“The hard truth is that other high-performing nations have passed us by during the last two decades…In a highly competitive knowledge economy, maintaining the educational status quo means America’s students are effectively losing ground.”
Although GDP is an important economic measure, many economists and some leaders suggest that we should assess well-being more precisely. For example, alternatives include the Genuine Progress Index (GPI) that factors into the equation environmental and social costs associated with economic progress. See the graph below for how we in the US have fared on GPI.
This GPI data suggests that since the early seventies there has been a clear divergence between GDP and the well-being of the citizens of the United States. This GPI line correlates strongly with the relative happiness line over the same time period.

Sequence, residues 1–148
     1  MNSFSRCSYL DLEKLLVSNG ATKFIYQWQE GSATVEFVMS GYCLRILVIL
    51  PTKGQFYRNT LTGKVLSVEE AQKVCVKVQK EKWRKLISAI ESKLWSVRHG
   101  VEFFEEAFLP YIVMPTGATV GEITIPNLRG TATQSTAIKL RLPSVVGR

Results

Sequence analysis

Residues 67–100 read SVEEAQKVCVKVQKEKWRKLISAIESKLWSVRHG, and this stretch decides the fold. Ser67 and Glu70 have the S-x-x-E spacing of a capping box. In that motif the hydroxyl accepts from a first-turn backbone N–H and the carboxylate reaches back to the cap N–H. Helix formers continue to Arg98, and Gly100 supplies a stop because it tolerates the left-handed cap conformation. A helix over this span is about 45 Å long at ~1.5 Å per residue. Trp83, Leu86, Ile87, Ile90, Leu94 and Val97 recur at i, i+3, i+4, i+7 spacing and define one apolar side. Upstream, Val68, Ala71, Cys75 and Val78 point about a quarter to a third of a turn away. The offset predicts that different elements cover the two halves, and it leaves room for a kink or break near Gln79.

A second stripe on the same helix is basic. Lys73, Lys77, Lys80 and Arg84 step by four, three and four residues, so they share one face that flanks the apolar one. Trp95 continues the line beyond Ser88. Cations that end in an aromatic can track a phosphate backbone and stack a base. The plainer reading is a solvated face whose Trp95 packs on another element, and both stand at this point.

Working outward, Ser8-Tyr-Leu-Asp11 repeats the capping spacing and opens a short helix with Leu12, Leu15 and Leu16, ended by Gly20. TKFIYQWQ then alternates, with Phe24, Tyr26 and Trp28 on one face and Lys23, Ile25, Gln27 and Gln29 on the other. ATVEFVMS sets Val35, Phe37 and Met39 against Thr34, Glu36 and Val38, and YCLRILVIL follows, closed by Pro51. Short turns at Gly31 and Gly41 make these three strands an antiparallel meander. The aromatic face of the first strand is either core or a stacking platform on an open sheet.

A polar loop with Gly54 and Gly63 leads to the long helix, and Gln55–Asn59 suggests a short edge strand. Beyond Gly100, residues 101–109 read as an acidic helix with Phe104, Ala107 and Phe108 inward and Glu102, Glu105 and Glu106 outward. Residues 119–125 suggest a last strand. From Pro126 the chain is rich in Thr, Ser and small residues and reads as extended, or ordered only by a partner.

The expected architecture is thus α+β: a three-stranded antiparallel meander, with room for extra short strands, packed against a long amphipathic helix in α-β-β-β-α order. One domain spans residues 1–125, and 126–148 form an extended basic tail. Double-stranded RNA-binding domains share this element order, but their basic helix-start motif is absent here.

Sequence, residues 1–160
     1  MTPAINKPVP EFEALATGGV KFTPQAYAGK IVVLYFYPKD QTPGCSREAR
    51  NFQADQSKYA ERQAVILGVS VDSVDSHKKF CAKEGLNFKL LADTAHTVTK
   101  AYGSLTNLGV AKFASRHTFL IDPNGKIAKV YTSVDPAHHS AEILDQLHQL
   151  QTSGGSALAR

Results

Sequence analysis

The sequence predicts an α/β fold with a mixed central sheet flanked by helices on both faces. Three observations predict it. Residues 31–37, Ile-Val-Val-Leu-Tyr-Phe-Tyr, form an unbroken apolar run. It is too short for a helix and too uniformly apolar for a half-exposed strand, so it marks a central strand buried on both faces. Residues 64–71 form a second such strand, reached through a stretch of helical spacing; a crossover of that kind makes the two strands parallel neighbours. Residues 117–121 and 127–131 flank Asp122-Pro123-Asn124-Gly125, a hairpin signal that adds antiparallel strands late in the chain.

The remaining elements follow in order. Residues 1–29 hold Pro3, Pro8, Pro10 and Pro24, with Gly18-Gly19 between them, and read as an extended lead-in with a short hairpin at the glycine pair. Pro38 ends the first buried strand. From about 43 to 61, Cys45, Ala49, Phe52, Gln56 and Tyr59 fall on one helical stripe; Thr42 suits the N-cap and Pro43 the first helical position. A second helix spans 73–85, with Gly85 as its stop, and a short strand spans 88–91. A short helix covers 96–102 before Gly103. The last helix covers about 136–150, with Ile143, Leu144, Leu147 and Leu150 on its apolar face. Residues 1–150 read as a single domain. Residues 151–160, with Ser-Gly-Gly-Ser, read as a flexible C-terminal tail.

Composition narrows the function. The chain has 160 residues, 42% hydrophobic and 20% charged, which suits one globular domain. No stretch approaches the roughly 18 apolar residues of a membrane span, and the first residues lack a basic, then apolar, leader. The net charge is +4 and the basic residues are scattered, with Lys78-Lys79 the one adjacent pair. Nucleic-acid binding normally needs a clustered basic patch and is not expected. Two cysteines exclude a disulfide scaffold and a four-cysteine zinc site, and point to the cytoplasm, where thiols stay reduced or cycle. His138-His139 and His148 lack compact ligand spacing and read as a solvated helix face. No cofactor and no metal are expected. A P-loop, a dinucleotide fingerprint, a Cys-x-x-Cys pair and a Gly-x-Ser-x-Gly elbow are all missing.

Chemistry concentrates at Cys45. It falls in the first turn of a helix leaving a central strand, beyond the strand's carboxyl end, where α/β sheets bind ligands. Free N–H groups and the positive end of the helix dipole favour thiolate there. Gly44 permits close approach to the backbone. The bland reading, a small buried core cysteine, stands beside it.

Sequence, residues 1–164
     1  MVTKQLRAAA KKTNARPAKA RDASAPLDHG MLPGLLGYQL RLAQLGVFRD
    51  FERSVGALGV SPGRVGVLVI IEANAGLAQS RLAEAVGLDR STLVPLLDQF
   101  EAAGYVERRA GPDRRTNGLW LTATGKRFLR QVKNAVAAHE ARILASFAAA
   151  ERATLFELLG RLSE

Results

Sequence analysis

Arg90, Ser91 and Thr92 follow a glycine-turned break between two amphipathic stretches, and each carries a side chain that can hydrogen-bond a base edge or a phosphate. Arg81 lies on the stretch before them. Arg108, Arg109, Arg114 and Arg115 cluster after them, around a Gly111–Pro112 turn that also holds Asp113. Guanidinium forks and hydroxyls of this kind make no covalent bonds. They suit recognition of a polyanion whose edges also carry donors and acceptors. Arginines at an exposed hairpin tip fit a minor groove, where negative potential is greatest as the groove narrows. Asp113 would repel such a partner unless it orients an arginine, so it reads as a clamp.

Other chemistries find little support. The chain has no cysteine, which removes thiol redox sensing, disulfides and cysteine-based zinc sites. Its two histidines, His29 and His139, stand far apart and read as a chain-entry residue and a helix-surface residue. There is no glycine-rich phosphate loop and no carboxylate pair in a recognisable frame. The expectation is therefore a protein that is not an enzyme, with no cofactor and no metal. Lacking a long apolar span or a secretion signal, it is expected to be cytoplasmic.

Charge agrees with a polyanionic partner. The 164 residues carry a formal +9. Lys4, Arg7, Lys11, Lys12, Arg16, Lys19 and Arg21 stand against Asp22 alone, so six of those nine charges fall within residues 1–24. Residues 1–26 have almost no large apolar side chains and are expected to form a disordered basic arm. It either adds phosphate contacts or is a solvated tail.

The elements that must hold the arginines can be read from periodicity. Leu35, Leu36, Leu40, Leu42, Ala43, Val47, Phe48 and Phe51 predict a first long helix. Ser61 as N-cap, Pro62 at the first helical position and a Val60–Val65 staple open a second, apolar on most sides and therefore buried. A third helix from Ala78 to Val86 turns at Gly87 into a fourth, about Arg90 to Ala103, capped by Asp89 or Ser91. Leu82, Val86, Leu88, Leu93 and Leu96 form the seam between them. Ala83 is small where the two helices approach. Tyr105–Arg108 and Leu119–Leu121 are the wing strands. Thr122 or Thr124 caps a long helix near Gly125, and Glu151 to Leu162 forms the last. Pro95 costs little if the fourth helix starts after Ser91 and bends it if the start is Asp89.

Another effort made with regard to measuring the well-being of the citizens is the Index of Social Health put forward by Marc and Marque-Luisa Miringoff. They combined 16 measures of social well-being (e.g., infant mortality, poverty, child abuse, high school graduation rates, teenage suicide, drug use, alcoholism, unemployment, average weekly wages, etc.) and found that between 1970 and 2005 there has also been a deteriorating social condition in the United States despite exponential growth in GDP.
The New Economics Foundation in Britain has developed the Happy Planet Index (HPI) that essentially measures how well a nation converts finite natural resources into the well-being of its people. The longer and happier people live with sustainable practices the higher the HPI. The United States scores near the bottom of this list. At the top of the list in the Western Developed nations are countries like Malta, Austria, Switzerland, Italy, Iceland, and the Netherlands (due to long happy lives and lower environmental impact). At the bottom across all nations are countries like the US, Qatar, UAE, Kuwait (each as a result of atrocious environmental impact) and Rwanda, Angola, Sudan and Niger (due to significantly shortened life spans).